MIDLAND, Mich. — The Mackinac Center Legal Foundation filed a lawsuit against the University of Michigan after it denied part of a Freedom of Information Act request. In January, the Center requested the names and salary information, including bonus and overtime pay, for all U-M employees in the Office of Institutional Equity, for both 2019 and 2020.
The university partially granted the request, but denied providing overtime or bonus pay, claiming that Michigan’s FOIA law only requires disclosing an employees’ base salary. The denial argued that the word “salary” has a fixed meaning in the FOIA statute and that any other form of pay is exempt.
The problem with this argument is that the word “salary” does not appear in the section of the FOIA law the university cites. Instead, Michigan’s public disclosure law requires that public entities provide all information, unless there is a specific exemption named in statute. There is no exemption for information about salaries or other forms of compensation, and it is clearly established in state law that how public money is being spent is subject to disclosure.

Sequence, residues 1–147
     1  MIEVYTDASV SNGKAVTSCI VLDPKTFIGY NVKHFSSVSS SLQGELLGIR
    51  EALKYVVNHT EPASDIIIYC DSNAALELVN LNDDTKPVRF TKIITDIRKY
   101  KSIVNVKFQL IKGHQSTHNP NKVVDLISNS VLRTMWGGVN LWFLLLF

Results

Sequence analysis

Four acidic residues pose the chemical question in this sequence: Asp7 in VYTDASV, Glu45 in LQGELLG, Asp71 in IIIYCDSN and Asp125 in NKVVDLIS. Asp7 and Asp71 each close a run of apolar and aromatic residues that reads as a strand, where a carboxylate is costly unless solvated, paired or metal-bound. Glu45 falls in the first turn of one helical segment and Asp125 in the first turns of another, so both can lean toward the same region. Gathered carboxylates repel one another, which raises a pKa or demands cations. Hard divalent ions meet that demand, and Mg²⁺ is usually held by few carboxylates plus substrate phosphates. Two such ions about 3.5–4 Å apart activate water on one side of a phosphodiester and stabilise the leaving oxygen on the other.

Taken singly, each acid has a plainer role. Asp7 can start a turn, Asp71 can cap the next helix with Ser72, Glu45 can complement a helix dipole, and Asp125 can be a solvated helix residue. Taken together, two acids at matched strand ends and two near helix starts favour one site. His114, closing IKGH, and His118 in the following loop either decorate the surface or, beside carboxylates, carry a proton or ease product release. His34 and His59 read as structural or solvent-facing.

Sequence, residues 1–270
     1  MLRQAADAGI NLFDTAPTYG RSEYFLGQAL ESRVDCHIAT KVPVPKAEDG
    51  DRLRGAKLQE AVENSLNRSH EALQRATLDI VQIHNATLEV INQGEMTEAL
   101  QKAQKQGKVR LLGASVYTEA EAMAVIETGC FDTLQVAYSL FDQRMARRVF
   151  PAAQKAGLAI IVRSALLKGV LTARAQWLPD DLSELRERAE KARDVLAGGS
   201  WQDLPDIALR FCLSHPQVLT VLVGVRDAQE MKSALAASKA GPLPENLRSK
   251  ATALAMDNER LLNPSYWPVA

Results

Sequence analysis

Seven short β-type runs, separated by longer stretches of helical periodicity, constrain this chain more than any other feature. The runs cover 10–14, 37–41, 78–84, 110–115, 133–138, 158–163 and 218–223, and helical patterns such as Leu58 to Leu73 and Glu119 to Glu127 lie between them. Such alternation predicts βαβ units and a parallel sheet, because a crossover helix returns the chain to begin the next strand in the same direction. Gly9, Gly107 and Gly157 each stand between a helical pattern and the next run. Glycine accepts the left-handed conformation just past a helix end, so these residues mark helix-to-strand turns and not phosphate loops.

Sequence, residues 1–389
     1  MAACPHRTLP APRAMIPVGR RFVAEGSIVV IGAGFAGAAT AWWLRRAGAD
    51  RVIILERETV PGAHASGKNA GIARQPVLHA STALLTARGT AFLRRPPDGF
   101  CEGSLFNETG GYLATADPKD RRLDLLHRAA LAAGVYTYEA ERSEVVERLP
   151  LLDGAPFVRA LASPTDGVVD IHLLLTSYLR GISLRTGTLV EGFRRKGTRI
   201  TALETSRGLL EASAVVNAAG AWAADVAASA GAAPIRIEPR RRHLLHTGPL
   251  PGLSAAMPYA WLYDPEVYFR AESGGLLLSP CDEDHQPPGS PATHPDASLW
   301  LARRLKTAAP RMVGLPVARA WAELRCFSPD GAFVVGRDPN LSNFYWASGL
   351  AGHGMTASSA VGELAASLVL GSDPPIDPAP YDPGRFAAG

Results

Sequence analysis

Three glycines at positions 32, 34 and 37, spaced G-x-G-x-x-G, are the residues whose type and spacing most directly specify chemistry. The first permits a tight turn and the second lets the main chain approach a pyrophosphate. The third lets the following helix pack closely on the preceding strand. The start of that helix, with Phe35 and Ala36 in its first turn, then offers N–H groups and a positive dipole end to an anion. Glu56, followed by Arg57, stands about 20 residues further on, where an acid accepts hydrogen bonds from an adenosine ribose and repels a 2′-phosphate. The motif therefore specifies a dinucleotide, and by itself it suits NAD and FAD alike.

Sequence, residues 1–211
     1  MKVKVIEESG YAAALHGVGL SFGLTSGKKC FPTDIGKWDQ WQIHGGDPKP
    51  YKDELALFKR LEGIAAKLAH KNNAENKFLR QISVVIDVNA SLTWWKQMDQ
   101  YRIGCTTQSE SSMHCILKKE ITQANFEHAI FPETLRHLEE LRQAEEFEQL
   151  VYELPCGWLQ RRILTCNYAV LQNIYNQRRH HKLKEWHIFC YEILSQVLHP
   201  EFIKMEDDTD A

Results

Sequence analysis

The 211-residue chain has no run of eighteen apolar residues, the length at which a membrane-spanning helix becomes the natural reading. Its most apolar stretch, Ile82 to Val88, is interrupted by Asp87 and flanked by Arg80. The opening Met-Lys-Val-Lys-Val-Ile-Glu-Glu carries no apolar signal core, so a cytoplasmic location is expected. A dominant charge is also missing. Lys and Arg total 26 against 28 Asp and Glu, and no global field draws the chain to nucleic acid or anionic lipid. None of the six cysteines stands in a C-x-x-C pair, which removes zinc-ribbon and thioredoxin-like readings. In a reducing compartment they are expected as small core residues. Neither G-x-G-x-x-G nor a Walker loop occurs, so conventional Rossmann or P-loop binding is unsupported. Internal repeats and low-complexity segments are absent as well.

“It is remarkable that the university continues to demonstrate a pattern of obfuscation and an unwillingness to allow the public to gain access to records they have the right to review,” said Steve Delie, the Mackinac Center’s lead on transparency and open government. “Michigan courts have continued to hold that it is paramount for the public to know how their tax dollars are being spent. That includes all forms of compensation.”
The Mackinac Center is currently suing the cities of Warren and Flint over FOIA requests for salary information. The Center also has two additional ongoing lawsuits against the University of Michigan. One was filed after the university improperly blacked out and withheld documents about Gov. Whitmer’s shutdown orders and another was launched after U-M delayed fulfilling a donor’s request for public information.
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